However, the Official Oppression offense includes a prohibition against sexual harassment by public servants, and this statute defines sexual harassment as:

unwelcome sexual advances, requests for sexual favors, or other verbal or physical conduct of a sexual nature, submission to which is made a term or condition of a person’s exercise or enjoyment of any right, privilege, power, or immunity, either explicitly or implicitly.

“Sexual Harassment” is not a crime of its own in Texas, but sexual harassment may be a basis for a civil lawsuit by an employee against his or her employer as a violation of federal or state workplace laws.

What is the statute of limitation for Harassment in Texas?

As a misdemeanor, Harassment charges have a two-year limitations period.[9]

What is the penalty for a Texas Harassment offense?

Convictions for Harassment are punished as a Class B Misdemeanor, unless one of the enhancements apply. One penalty enhancement applies to a second or subsequent conviction for Harassment, in which case the offense is punished as a Class A Misdemeanor.

Additionally, the legislature created a new Class A Misdemeanor penalty enhancement that applied to subsection (a)(7) charges in 2017, and in 2021 the legislature expanded this new enhancement to subsection (a)(8) charges as well. Now, the Harassment offense can be enhanced to a Class A Misdemeanor if the offense was committed under Subsection (a)(7) or (a)(8) and:[10]

(A) the offense was committed against a child under 18 years of age with the intent that the child:

(i) commit suicide; or

(ii) engage in conduct causing serious bodily injury to the child; or

(B) the actor has previously violated a temporary restraining order or injunction issued under Chapter 129A, Civil Practice and Remedies Code.

Keep in mind that the state’s attorneys can also charge you with Stalking if they allege that you harassed someone repeatedly. This is not an enhancement, it’s a completely separate offense. The Texas offense of Stalking is a felony.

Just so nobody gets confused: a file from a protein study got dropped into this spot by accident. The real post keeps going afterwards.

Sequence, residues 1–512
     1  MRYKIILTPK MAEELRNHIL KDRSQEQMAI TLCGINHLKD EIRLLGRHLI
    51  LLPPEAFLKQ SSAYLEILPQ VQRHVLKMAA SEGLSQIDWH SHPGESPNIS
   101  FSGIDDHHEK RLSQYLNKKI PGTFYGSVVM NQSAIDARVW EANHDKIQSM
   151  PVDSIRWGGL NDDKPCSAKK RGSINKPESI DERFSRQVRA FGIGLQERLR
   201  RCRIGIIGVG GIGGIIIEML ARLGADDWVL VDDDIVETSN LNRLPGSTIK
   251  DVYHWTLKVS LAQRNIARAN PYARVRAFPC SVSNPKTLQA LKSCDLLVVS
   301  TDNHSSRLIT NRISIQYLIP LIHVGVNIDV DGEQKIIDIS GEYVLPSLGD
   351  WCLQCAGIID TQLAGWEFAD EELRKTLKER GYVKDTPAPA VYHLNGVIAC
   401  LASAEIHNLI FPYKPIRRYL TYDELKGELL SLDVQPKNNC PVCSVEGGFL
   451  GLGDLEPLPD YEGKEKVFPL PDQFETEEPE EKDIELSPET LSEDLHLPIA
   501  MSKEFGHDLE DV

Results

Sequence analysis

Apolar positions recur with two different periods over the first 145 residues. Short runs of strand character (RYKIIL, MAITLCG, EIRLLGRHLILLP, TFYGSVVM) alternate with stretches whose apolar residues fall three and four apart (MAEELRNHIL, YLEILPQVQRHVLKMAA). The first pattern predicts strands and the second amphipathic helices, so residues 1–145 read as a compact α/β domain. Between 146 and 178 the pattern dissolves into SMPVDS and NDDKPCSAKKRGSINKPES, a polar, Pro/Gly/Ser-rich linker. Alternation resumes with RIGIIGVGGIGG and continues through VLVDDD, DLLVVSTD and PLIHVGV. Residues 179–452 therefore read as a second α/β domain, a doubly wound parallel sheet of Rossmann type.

Can you get probation for Harassment in Texas?

The Texas Code of Criminal Procedure allows both judges and juries to grant probation for Harassment, and judges are also allowed to accept deferred adjudication plea deals.[11]

Note, however, that judges may not grant community supervision after a conviction if (1) the defendant used or exhibited a deadly weapon during the commission of the felony or immediate flight thereafter and (2) the defendant used or exhibited the deadly weapon himself or was a party to the offense and knew that a deadly weapon would be used or exhibited.[12]

What level of crime is Harassment in Texas?

The Penal Code classifies Harassment as either a Class A misdemeanor or Class B misdemeanor, depending on the circumstances.

Learn more about the penalty range for this offense in the section above.

^1. Texas Penal Code §42.07. This law is current as of 2024.^2. SB 530, 87th Legislature, Section 1^3. SB 530, 87th Legislature, Sections 2 & 3^4. This version was enacted by HB 2715, 88th Legislature, Section 7^5. This version was enacted by HB 1427, 88th Legislature, Section 1^6. HB 2715, 88th Legislature, Section 7^7. Texas Penal Code §42.07(b)(3) – “Obscene” means “containing a patently offensive description of or a solicitation to commit an ultimate sex act, including sexual intercourse, masturbation, cunnilingus, fellatio, or anilingus, or a description of an excretory function.”^8. Texas Penal Code §42.07(b)(1), as amended by SB 179, 85th Legislature, Section 13^9. See Code of Criminal Procedure 12.02(a)^10. Texas Penal Code §42.07(c)(2), as enacted by SB 179, 85th Legislature, Section 14, and amended by SB 530, 87th Legislature, Section 1^11. See Chapter 42, Texas Code of Criminal Procedure, Art. 42A.054, Art. 42A.056, Art. 42A.102 .^12 Art. 42A.054(b), Texas Code of Criminal Procedure